About 300 refugees from Afghanistan are expected to arrive in Connecticut in the coming weeks and months as immigrant advocacy groups work to find permanent homes for them in the state, U.S. Sen. Richard Blumenthal and advocates said Monday.
Blumenthal, a Connecticut Democrat, and resettlement workers anticipate that refugees will begin arriving in large numbers in communities across the U.S., perhaps as early as next week, after clearing security checks and other vetting.
Some 50,000 Afghans are expected to be admitted to the United States under a program called “Operation Allies Welcome,” including translators, drivers and others who helped the U.S. military during the 20-year war and who fear reprisals by the Taliban, who seized power last month.
“We owe these Afghan allies the safety and escape they need from murder and torture they face, and their families face, in Afghanistan,” Blumenthal said at a news conference with advocates in New Haven. “They sided with us. They went into combat with our troops. They protected them and our diplomats. They now have targets on their backs.”
Blumenthal said he is pushing Congress to approve financial aid for resettlement services, including housing, job placement, clothing and other needs. He said the cost could be in the hundreds of millions of dollars.
Nearly 130,000 people were airlifted out of Afghanistan in one of the largest mass evacuations in U.S. history. Many of them are still in transit, undergoing security vetting and screening in other countries including Germany, Spain, Kuwait and Qatar.
Thousands of other Afghans are being screened at eight military installations in the U.S. The Pentagon has said all evacuees are tested for the coronavirus upon arriving at Dulles International Airport outside Washington.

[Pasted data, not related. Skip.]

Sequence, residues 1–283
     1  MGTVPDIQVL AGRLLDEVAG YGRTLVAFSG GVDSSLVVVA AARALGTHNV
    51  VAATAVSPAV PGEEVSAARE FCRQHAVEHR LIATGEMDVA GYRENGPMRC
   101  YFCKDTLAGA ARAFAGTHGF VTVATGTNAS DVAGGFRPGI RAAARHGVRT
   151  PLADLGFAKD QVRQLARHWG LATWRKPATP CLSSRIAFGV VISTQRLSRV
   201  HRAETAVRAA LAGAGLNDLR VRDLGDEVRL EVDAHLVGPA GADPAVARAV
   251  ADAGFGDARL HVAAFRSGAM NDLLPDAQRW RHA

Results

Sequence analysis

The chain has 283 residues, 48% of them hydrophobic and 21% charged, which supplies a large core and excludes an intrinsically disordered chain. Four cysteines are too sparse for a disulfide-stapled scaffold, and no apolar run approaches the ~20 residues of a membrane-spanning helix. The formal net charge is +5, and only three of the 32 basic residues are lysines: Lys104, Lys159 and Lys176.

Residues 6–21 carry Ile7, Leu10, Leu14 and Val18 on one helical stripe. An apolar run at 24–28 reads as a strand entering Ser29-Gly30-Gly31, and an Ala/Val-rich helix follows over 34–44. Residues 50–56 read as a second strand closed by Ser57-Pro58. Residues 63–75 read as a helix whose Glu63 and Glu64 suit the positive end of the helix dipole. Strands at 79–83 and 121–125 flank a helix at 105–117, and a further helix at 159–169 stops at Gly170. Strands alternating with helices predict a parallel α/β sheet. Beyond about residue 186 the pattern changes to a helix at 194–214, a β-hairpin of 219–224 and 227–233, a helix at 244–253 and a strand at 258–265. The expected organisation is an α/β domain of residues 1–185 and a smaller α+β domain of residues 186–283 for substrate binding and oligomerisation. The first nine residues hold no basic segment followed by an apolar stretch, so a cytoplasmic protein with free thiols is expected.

And tens of thousands of people in Afghanistan are still trying to leave the country, including American citizens and green card holders, Blumenthal said.
Chris George, executive director of the New Haven-based Integrated Refugee & Immigrant Services, one of two major resettlement agencies in Connecticut, said the federal government has not done enough to bring home U.S. citizens and green card holders still stuck in Afghanistan, including 45 from the New Haven area who are clients of his agency.
“They tried to get out through the airport, and they were beaten and bruised and terrified in the process,” George said. “They’ve been hunkering down in safe houses in Kabul, in hiding, running out of food and, I have to be honest, running out of hope.
“They feel like they are bargaining chips in some high stakes game of international diplomacy,” he said. “Some of them are even feeling like hostages.”
George’s comments came on the same day Congress began holding hearings on the Biden administration’s much-criticized handling of the U.S. military withdrawal from Afghanistan.
Resettlement agencies will be in charge of finding permanent homes for the refugees after they are vetted.
George said churches, synagogues, mosques, Rotary Clubs and colleges across the state have stepped forward in efforts to help Afghan refugees start new lives in Connecticut. His organization has already rented several apartments for refugees ahead of their arrival.
Integrated Refugee & Immigrant Services has been helping resettle Afghan refugees in Connecticut for years, George said, including about 10 families in the past two months.
George estimated that nearly 1,000 additional refugees, mostly from Afghanistan, could be coming to the state over the next year.